AUD exam tips to pass the test the first time

Two challenging areas on the AUD test are audit reports and assertions. If you have a strategy for these two areas, you can have more success on this test. The AUD test material is easier to learn if your have a variety of examples. If you don’t have experience as an auditor, find a mentor who can answer questions for you. Use these AUD exam tips for success on the test.

 

Engagement report language

Engagement report language is a difficult topic on the AUD test. Here’s a strategy to approach this part of the test:

  • Define an audit: Everything starts with the definition of an audit. An audit is an opinion. The auditor states whether or not the financial statements are free of material misstatement. In this context, “material” means an error that is large enough to change the opinion of the financial statement reader. No other engagement requires the auditor to give an opinion.
  • Unqualified audit report: Memorize this report language. Most of the questions in the audit report section address an unqualified opinion. Unqualified means that the financial statements are materially correct, according to the auditor’s opinion. I wouldn’t be surprised if you have an AUD question that tests every sentence in an unqualified report.
  • Qualified audit reports: The vast majority of audit opinions are unqualified. Qualified opinions, on the other hand, are referred to as “except for” opinions. Say, for example, that the auditor was not able to perform a physical count of inventory. That missing procedure would prevent an auditor from issuing an unqualified opinion. The report language will state that the auditor cannot provide an opinion on inventory. If you understand the language of an unqualified report, these exceptions are easier to digest.

Take this approach when you study audit report language.

 

Audit assertions

When you perform an audit, you’re forming an opinion about financial statements created by company management. When management creates their financial statements, they must follow some rules of the road. Those rules are referred to as assertions.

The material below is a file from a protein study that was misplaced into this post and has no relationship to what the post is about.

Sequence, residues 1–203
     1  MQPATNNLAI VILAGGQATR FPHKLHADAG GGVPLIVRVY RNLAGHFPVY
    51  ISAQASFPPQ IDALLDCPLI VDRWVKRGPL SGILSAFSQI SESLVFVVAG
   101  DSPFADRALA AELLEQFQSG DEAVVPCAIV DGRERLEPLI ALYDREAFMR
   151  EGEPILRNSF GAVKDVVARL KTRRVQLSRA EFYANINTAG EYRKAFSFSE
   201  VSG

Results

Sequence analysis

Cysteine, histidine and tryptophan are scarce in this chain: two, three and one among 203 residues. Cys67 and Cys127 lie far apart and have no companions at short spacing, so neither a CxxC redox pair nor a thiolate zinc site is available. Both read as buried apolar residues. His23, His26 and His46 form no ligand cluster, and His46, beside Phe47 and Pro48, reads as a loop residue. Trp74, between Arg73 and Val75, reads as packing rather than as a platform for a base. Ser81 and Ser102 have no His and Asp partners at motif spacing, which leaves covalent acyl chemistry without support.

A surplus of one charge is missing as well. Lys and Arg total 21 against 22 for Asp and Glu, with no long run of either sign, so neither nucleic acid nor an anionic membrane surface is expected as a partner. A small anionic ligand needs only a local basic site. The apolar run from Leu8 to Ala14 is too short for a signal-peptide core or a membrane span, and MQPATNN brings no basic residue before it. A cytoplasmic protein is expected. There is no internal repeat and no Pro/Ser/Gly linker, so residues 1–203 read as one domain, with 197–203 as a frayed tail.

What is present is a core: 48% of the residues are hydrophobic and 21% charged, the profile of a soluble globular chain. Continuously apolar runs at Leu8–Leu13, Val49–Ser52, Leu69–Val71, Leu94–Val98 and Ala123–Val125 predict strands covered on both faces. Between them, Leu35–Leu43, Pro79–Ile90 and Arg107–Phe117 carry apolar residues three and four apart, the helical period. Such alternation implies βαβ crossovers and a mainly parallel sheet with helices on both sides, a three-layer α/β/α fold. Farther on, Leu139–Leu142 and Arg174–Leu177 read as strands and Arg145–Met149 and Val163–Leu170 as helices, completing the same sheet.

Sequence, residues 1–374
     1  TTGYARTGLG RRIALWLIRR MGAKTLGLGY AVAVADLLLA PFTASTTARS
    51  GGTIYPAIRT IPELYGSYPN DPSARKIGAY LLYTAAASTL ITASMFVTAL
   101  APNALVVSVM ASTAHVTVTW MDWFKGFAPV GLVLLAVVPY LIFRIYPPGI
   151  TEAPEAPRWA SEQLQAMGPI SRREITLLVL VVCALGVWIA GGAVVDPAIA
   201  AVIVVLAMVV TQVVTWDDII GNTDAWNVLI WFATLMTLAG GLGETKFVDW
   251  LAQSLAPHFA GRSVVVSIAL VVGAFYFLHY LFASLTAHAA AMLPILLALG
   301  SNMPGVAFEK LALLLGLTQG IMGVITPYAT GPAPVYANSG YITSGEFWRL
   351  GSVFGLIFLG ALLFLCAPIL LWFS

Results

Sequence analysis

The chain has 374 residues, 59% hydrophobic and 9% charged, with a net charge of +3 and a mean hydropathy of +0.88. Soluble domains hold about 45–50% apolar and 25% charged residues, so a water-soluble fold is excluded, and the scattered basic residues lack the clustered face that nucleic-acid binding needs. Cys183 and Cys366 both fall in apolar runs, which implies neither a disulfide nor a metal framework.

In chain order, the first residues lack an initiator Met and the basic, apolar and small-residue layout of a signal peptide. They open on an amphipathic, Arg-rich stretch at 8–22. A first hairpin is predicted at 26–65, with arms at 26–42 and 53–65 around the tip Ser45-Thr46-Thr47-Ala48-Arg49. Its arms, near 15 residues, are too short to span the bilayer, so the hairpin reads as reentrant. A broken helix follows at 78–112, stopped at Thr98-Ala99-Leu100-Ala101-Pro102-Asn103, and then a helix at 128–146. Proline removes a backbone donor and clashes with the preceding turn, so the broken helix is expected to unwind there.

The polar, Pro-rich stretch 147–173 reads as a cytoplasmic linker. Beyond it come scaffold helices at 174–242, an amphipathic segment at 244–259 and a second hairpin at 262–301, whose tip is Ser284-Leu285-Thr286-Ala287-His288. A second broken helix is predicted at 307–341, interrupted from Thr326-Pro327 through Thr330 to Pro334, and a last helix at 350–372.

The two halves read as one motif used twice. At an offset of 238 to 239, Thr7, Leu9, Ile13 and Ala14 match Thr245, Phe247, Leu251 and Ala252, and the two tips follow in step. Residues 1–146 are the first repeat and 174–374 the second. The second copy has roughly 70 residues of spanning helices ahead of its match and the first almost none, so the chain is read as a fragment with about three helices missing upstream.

Here’s why I bring up assertions: If you understand the assertions covered on the AUD test, you’ll understand why many audit procedures are performed.

The cutoff assertion, for example, means that the accounting transactions are posted to the proper time period (month or year). Say, for example, that a sporting goods company posts revenue when goods are shipped to clients.

If an auditor wanted to ensure that revenue was posted to the correct period, he or she would compare the shipping records to the accounting entries for revenue. If you understand the assertion, the audit procedure should make more sense to you.

 

Find an experienced auditor

The AUD test can only be understood using examples from actual audits. Students can benefit by finding an auditor who can answer questions. Let’s go back to that cutoff example. An experienced auditor may have 4 or 5 good examples to explain cutoff. That may help the student clear up any confusion about the cutoff assertion.

As you start to study for the AUD test, keep these tips in mind. Go over the audit report concepts and audit assertions in detail. Find an experienced auditor to help you clear up any confusion. These tips will help you succeed on the AUD test.

 

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